"Breaking Open the Word" :
James Cavanagh is the director of Evangelization and Catechesis for Metro-Area Parishes of the Denver Archdiocese. His weekly column, "Breaking Open the Word," is syndicated by the Denver Catholic Register, official newspaper of the Archdiocese of Denver. Click here to visit the Office of Evangelization & Catechesis for the Archdiocese of Denver.
January 22, 2012: The Third Sunday in Ordinary Time
Jonah 3:1-5, 10
Synopsis: Most people remember Jonah as a story about a man and a whale. But it’s really about how a devout Jew was called by God to preach a message of repentance and forgiveness to foreigners. Jonah was told to go to Nineveh, the capital of Assyria and sworn enemy of Israel. Much to his dismay and displeasure, the citizens of Nineveh actually heeded his message and repented, whereupon God forgave them. Jonah represents a highly nationalistic view, common at the time, that God’s love was limited to the Jews alone. The idea that God’s mercy could extend to foreigners like the Assyrians was repugnant to Jonah and many of his countrymen. The book of Jonah challenges this view. Its core message is one of mercy and forgiveness for all people.
The second reading comes from a part of Paul’s first letter to the Corinthians where he discusses the practical matter of how one should live as a Christian in a civilization that‘s slowly dying. He counsels married couples, virgins and widows to remain as they are and to live in accordance with the Gospel as if the present world order is passing away—because it is.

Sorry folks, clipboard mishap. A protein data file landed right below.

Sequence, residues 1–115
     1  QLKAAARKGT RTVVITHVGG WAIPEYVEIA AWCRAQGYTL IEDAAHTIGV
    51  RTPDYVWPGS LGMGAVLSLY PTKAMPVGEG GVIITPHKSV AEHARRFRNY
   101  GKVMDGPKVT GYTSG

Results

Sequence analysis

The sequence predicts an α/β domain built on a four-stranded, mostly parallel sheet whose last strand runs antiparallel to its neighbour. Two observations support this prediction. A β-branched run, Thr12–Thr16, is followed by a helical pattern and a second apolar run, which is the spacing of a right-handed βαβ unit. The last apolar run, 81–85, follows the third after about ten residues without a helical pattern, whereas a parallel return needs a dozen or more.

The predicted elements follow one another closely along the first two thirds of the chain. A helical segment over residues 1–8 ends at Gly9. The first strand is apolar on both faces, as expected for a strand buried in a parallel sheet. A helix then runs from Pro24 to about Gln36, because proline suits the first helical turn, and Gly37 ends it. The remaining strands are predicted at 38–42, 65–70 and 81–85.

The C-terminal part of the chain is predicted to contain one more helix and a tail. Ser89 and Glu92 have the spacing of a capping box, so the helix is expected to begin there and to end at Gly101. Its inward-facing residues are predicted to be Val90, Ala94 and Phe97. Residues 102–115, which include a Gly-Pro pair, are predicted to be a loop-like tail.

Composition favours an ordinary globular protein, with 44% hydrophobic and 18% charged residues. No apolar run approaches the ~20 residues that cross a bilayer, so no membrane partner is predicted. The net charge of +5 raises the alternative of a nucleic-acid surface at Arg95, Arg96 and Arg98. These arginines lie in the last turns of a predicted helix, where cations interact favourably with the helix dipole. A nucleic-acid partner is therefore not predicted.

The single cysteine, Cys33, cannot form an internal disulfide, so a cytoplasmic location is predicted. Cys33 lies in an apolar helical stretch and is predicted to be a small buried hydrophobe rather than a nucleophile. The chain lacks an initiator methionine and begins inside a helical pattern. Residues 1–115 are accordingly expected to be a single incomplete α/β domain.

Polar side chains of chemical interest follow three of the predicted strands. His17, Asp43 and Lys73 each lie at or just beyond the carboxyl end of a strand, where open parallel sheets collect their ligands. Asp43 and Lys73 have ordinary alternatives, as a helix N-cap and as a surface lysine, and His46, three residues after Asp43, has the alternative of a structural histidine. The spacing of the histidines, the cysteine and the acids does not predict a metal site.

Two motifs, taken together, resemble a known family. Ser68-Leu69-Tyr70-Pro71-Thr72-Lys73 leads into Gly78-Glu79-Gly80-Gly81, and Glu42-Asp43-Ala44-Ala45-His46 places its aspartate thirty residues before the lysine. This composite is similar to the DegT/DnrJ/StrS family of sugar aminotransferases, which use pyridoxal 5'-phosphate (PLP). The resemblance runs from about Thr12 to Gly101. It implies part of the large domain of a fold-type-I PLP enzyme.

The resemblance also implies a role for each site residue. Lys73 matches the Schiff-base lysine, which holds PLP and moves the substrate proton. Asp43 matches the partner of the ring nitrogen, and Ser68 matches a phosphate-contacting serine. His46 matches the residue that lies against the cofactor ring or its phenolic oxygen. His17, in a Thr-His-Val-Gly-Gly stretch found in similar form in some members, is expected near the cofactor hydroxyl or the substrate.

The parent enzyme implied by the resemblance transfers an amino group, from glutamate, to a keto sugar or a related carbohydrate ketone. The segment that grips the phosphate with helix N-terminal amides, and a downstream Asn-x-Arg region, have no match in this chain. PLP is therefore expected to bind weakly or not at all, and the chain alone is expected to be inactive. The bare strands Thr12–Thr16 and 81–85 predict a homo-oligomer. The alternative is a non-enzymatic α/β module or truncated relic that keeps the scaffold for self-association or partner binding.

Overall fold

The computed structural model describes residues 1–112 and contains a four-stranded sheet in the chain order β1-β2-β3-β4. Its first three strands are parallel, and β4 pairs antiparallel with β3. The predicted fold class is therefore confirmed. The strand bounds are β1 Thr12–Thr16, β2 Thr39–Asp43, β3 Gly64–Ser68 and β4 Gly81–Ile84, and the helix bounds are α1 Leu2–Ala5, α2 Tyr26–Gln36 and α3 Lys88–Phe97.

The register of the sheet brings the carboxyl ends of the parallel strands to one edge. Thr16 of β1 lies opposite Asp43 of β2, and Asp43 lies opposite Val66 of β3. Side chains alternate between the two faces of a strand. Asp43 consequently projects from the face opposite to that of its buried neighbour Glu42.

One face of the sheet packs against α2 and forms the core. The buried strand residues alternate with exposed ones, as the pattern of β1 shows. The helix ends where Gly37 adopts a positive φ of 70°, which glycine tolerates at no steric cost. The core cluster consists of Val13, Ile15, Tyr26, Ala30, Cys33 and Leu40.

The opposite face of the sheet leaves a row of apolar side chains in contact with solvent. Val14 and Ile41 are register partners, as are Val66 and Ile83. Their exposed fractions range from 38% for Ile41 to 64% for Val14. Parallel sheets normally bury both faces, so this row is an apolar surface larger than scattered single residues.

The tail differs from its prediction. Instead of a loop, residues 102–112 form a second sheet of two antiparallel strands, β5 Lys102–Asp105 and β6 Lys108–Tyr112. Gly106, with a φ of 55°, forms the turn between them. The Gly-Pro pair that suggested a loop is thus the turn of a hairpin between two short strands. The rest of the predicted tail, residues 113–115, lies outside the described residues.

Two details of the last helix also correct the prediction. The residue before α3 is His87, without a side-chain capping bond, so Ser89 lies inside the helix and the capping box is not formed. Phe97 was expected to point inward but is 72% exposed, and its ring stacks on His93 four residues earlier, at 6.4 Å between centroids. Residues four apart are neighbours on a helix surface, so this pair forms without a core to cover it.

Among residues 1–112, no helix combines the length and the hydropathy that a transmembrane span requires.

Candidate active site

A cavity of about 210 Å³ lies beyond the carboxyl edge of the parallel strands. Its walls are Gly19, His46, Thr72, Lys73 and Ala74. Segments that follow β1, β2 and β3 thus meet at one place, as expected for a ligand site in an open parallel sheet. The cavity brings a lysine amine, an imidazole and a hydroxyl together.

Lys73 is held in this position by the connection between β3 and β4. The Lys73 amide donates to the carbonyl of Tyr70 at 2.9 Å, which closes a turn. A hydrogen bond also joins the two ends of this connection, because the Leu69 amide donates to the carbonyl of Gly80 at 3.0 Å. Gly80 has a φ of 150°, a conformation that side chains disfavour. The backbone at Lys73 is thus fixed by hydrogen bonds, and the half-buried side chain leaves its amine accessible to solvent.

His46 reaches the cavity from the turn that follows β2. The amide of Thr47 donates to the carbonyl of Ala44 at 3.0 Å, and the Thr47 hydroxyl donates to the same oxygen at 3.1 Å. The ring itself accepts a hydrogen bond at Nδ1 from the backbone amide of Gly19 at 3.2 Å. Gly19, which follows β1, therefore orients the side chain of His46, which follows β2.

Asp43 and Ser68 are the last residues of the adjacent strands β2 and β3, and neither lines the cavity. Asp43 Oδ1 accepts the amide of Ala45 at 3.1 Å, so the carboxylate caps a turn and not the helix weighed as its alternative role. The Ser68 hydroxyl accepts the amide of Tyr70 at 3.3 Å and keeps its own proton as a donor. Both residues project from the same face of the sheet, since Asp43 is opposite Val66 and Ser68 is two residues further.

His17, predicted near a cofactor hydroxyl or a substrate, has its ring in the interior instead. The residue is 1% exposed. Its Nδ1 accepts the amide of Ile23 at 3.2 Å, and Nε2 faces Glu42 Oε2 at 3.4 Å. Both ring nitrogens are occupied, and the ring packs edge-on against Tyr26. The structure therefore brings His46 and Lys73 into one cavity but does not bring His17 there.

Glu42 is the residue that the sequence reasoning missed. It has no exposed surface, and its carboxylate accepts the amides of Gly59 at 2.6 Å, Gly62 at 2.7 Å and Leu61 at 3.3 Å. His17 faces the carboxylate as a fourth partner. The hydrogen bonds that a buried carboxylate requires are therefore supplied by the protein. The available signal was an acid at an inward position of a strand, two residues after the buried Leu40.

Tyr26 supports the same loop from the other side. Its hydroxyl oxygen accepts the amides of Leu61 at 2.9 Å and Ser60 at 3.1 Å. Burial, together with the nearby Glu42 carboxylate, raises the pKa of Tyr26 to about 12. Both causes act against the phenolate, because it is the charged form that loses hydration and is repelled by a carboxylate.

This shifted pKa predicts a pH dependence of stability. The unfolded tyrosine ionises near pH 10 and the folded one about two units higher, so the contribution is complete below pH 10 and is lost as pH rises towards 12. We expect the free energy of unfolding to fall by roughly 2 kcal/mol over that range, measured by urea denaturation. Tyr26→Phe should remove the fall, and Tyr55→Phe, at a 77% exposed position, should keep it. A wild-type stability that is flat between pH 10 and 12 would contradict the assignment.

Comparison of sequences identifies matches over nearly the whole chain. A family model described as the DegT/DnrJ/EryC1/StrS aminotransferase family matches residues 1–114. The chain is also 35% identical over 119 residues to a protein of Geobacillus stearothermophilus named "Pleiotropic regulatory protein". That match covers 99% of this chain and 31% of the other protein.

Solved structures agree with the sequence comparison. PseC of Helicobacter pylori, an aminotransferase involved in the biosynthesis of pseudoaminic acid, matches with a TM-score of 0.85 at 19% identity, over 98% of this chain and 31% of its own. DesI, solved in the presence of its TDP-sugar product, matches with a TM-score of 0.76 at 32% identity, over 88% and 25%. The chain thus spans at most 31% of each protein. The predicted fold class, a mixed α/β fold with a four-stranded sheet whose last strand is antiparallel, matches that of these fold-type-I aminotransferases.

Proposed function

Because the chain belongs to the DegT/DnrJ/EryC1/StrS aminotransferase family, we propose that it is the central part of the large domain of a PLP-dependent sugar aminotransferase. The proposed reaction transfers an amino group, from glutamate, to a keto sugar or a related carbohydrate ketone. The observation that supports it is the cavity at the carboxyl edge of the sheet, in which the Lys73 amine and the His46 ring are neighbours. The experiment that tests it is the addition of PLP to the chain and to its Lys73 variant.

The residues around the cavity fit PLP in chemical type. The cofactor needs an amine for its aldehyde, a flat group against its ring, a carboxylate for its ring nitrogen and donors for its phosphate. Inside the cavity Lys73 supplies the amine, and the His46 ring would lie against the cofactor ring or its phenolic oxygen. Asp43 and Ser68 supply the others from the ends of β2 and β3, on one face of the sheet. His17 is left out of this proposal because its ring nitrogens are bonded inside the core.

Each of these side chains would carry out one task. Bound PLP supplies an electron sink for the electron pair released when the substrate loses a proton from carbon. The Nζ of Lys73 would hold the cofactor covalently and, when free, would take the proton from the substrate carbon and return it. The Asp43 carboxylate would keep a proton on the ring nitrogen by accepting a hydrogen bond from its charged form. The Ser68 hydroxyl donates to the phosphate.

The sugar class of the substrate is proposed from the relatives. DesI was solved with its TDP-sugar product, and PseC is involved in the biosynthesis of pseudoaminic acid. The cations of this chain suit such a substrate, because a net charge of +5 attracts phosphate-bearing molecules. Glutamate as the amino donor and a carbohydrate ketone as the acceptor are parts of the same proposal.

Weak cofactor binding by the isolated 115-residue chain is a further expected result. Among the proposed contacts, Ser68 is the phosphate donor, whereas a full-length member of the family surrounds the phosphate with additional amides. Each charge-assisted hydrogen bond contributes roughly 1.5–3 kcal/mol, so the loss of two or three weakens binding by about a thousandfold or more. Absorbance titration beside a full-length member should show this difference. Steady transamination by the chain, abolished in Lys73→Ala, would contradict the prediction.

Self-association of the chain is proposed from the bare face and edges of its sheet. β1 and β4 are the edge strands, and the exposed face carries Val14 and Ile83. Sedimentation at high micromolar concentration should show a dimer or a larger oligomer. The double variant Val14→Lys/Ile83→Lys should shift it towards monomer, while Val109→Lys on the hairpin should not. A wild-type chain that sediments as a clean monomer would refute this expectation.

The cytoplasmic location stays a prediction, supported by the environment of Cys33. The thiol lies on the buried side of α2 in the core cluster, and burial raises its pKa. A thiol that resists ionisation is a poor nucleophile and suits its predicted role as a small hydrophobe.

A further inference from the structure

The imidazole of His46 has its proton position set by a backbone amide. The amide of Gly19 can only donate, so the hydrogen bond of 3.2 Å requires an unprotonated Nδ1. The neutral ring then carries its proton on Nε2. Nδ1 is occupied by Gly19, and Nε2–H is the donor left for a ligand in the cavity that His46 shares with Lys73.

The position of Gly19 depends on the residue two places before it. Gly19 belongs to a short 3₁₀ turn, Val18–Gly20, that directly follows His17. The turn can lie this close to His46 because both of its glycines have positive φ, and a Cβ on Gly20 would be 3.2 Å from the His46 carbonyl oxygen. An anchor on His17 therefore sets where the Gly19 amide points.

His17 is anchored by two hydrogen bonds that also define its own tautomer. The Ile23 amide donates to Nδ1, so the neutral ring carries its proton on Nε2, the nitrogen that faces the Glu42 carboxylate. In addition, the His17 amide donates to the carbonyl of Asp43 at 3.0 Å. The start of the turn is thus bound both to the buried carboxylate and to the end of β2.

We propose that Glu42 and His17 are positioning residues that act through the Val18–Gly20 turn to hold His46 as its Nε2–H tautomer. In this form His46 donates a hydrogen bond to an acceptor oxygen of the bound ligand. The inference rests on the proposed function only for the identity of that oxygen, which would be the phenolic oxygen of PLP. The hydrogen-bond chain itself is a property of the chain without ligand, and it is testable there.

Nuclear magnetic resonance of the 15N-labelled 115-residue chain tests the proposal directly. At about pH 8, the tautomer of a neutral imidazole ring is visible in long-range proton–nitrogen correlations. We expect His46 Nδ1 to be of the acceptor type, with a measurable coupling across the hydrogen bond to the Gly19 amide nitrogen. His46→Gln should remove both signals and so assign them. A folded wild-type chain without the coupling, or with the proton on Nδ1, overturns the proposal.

In this week’s Gospel, Jesus begins his public ministry with the words: “The kingdom of God is at hand. Repent and believe in the Gospel!” While Jonah foreshadowed Jesus with his message of repentance and promise of forgiveness, Jesus didn’t sulk when sinners repented. He rejoiced. As St. Paul says, “God desires that all men be saved and come to the knowledge of the truth.” (1 Tim. 2:4).
Key verse: “Good and upright is the Lord; thus he shows sinners the way” (Ps 25:8)
Catechism of the Catholic Church: “To carry out the will of the Father, Christ inaugurated the kingdom of heaven of earth. Now the Father’s will is to raise up men to share in his own divine life” (No. 541)
Benedict XVI: “We speak a great deal, and like to speak about evangelization and the good news in such a way as to make Christianity attractive to people. But hardly anyone dares nowadays to proclaim the prophetic message: Repent! Hardly anyone dares to make to our age this elementary evangelical appeal with which the Lord wants to induce us to acknowledge our sinfulness, to do penance and to become other than what we are” (“In the Beginning: a Catholic understanding of Creation and the Fall”).
Life application: The good news isn’t “good news” until we’ve come to terms with the “bad news”—that we’re sinners in need of God’s mercy. But the good news really is good news because it is the assurance that anyone, no matter how bad they are what they’ve done, can change, repent, turn to God, find forgiveness, start over and begin to experience the divine life.
James Cavanagh is director of Evangelization and Catechesis for Metro-area Parishes of the Denver Archdiocese. Cavanagh’s column is distributed by the Denver Catholic Register.
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